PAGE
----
A few words about…™ Doc Hollywood — in Blu-ray

Gorgeous color, perfect grain structure, wonderful resolution. 4 Stars

Doc Hollywood is, in many way, your typical “fish out of water” tale.

Directed by Michael Caton-Jones, who, of course, grew up close to the Florida locations where Doc Hollywood shot, knows the country back-woods folks.

And that may be a major reason why this charming film works.

A doctor, hoping for a new job in LA, has an incident with cattle on the road whilst on his way, and ends up — no spoilers here — spending several weeks in Grady.

And Grady is the swellest town that one could ever desire to live.

Especially with Julie Warner, as Lou, one of the locals, who may have one of the finest on-line intros since John Wayne in Stagecoach and Mr. Sharif in Aurens.

Warner Archive has seen fit to work their magic on Doc Hollywood, and we are the beneficiaries.

Gorgeous color — it was shot by Michael Chapman — perfect grain structure, wonderful resolution. The package is typical Warner Archive quality, which means that it’s about as perfect as it might be.

Does it hold up, a quarter of a century later?


It’s still the sweet tale that Mr. Caton-Jones (of the Florida Joneses) gave us.

And Mr. Fox is delightful, as always.

Image – 5

Audio – 5 (2-track stereo)

Pass / Fail – Pass

Upgrade from the DVD – Yes



Published by

Kevin Collins



  1. Finally got to review it on the 70. Ditto what RAH said about the technical aspects. Image quality was out of this world. And where were girls like Julie Warner's "Lou" character when I was a young single professional?

    Excellent post-BTTF series effort from Michael J. Fox. Not quite as deep as say Light Of Day (1987, when is that coming to Blu?) but more entertaining if you just want some feel-good funny 90s fluff.

  2. When watching Michael J. Fox in young roles I try not to remamber about his Parkinson condition, otherwise I get a bit sad.
    Hope medical science find better ways to help hin and others in similar conditions. J Fox's foundation already raised 650 million dollars for research.

    Anway the 80's and very early 90's had films more full of life than today. It wasn't a depressive decade.

  3. Take Ferris Bueller's Day off.
    Why people still like it, and like the characters ?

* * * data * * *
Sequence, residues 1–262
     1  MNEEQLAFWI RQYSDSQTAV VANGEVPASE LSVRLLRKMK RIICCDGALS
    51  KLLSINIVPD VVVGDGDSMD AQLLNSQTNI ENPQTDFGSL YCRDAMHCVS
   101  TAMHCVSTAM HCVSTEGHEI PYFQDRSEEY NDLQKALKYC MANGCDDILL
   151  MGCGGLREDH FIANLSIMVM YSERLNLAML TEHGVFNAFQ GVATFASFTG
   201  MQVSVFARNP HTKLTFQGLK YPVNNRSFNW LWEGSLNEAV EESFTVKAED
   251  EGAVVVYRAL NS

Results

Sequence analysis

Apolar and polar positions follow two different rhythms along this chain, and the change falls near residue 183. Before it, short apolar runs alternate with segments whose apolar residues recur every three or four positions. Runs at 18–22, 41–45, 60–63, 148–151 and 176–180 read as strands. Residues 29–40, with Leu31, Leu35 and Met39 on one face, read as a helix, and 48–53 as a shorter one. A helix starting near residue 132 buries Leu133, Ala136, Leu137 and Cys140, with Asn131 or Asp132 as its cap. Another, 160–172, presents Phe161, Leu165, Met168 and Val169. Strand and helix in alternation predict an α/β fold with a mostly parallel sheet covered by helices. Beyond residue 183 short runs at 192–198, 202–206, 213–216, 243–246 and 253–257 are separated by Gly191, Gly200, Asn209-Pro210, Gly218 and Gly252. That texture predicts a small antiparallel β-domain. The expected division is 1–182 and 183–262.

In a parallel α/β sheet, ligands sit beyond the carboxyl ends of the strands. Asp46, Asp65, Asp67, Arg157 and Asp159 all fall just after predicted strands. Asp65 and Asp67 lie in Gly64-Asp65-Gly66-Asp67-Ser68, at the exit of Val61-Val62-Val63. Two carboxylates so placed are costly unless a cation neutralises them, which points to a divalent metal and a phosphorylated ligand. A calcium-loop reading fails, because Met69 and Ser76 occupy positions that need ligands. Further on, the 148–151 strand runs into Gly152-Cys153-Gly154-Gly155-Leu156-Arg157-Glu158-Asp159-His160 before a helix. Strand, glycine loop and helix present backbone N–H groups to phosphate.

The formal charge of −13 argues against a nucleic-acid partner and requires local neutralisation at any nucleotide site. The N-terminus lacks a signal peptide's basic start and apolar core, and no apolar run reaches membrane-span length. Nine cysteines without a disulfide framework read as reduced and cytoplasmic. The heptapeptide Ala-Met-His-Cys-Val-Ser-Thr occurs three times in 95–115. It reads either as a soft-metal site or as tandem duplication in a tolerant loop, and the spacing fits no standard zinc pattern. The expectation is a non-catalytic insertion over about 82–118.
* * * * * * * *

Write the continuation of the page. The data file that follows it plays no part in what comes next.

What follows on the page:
The formula it's very simple, they were nice people. Nice people getting fun. No steroids, no vulgarity, no porn of porn insinuation, no greed selfish guys.
    Ferris wasn't a tall strong football player. He was just a normal guy, nice, with good social habilities. His best friend a good pal but with some troubles Ferris tried to help. His girfriend a not a bombshell, but a nice friendly cute girl with feelings. Three people who cared about each other. And they got hell of lot fun… The only violence was more like comedy from old cartoons.

    Back to the Future. A guy trying to have a band, best friend of a "crazy" scientist, with a nice girfriend, dreaming with better days, trying to save his family, his friend and hinself. That was easy to like and enjoy such films.
    Not all during 80's was good, but it wasn't a depressant era as later decades.

    Today it's like many films and TV series are telling us that we are weak needing fitness or steroid, or telling us we are poor, not well dressed enough or not a Don Juan, or sad depressed if we are all that or whatever. Looks like a conspiracy to make people consume more. Turn people to feel like a crap, to persuade them to go ahead to get all these thing they preach we need.
    And the weird of that all, is that we are surruounded by fake politically correctness about a lot of over exaggerated "isms" (like Ferris would said) about everthing.
    In seach of a "isms" free society that don't give a dawn to anybody, with friends they can delete in a second.

    Kyrsten Brad

    You nailed it my friend!

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